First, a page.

Dell Dimension E310 Home - First Take

Dell bills the Dimension E310 as an entry-level entertainment PC, but we feel it's better suited as a budget PC for basic home and office tasks because of its single-core processor and minimal hard drive options.

Matt Elliott Senior Editor
Matt Elliott is a senior editor at CNET with a focus on laptops and streaming services. Matt has more than 20 years of experience testing and reviewing laptops. He has worked for CNET in New York and San Francisco and now lives in New Hampshire. When he's not writing about laptops, Matt likes to play and watch sports. He loves to play tennis and hates the number of streaming services he has to subscribe to in order to watch the various sports he wants to watch.
Expertise Laptops, desktops, all-in-one PCs, streaming devices, streaming platforms
Matt Elliott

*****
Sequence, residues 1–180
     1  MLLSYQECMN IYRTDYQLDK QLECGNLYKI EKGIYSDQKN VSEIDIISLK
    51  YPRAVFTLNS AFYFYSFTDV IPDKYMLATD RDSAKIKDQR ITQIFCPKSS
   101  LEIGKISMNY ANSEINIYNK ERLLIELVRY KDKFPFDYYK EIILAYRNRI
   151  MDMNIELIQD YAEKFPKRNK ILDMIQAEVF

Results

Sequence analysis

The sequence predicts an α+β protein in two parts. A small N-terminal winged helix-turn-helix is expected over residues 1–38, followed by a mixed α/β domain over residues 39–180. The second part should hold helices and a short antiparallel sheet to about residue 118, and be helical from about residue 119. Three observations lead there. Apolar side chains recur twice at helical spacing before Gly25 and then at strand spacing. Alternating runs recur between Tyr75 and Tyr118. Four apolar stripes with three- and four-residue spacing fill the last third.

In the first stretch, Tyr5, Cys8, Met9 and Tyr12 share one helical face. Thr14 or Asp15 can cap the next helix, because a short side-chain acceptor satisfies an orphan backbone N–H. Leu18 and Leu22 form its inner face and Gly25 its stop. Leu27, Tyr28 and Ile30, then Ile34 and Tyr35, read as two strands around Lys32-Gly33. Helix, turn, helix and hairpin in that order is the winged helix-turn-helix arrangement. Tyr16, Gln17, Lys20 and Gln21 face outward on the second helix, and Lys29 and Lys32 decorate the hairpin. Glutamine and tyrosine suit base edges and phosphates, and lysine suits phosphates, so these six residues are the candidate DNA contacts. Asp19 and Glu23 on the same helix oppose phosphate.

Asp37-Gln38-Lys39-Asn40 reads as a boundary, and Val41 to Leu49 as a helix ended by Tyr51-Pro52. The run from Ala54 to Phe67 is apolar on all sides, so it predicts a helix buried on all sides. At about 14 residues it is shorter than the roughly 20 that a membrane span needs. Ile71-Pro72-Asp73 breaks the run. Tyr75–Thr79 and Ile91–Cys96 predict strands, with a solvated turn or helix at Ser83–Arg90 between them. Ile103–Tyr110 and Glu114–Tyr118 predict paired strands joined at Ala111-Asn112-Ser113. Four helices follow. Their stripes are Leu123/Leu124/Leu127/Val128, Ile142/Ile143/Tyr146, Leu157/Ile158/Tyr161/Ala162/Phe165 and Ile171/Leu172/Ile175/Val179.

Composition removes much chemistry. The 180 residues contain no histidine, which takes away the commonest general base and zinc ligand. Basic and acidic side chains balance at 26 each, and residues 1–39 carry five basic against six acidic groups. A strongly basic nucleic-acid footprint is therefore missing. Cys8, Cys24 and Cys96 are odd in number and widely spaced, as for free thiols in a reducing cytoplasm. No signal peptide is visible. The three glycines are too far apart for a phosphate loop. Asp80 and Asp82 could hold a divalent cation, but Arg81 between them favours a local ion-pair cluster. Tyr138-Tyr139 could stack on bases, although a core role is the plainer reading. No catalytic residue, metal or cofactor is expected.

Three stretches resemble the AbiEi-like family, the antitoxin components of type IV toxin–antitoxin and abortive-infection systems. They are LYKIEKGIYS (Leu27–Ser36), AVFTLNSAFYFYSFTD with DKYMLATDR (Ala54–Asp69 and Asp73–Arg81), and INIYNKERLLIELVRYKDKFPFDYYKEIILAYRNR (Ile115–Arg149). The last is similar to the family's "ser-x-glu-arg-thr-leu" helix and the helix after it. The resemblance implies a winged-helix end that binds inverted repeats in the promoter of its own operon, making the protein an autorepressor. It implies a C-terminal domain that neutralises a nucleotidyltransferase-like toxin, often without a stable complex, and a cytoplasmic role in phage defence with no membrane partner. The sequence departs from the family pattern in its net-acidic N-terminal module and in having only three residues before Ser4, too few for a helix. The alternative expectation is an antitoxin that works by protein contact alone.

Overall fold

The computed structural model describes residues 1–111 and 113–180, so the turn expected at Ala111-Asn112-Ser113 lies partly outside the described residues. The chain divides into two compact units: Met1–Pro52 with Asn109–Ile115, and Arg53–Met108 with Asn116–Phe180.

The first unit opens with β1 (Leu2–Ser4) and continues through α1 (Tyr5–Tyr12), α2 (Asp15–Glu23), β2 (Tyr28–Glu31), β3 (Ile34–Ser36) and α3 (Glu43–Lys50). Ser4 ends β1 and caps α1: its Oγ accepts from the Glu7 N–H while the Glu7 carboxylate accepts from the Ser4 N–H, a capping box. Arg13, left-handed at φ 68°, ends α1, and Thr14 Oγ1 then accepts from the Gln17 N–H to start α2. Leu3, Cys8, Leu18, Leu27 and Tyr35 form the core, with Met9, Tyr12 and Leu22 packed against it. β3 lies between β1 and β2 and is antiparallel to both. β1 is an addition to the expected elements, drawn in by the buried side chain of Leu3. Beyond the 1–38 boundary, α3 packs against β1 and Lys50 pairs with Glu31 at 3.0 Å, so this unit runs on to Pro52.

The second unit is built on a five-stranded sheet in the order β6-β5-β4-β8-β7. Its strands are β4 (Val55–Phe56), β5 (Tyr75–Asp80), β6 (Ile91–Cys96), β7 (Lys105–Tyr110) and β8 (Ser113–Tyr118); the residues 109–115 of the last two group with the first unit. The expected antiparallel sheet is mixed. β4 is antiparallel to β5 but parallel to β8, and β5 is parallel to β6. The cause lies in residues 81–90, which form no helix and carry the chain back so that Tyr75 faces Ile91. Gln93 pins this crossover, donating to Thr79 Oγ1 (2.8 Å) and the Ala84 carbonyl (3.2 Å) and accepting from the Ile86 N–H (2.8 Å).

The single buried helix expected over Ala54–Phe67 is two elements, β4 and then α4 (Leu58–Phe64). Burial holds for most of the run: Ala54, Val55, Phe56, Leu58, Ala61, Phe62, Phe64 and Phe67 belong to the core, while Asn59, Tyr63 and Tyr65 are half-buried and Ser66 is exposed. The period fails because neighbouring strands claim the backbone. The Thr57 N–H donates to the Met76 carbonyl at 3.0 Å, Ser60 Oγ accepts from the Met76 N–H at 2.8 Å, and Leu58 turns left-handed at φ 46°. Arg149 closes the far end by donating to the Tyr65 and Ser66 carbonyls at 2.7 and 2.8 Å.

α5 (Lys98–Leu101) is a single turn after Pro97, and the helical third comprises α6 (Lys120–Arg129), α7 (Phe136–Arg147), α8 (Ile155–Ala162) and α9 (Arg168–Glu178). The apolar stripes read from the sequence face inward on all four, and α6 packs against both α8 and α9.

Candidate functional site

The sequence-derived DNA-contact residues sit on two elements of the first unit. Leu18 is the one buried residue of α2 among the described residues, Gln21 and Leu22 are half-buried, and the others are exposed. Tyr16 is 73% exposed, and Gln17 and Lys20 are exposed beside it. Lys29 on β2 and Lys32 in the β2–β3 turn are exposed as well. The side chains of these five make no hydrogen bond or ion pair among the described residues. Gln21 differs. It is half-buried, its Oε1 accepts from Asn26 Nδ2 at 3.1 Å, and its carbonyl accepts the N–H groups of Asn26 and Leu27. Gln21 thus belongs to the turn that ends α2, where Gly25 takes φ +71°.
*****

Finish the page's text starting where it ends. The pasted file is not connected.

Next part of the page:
Entry-level PCs usually scrape the bottom of the barrel in terms of components and performance; they're good for Web surfing, e-mailing, and word processing--and not much else. With the Dimension E310, Dell is raising the bar (and the price). Dell calls the E310 an entry-level entertainment PC, largely because it uses the Media Center version of Windows XP. For serious multimedia work and frequent multitasking, we suggest a dual-core system such as Dell's own XPS 200 or the HP Media Center m7260n. Choose the Dimension E310 for basic tasks and more occasional use. In the E310's favor are its attractive price (the baseline model costs $499), its 64-bit-capable processor, and Dell's DataSafe hard drive backup solution. We just wish it used a more recent chipset than Intel 915G and offered a graphics upgrade path. Busy multitaskers looking for a similar system with a dual-core processor should take a look at the Dimension E510.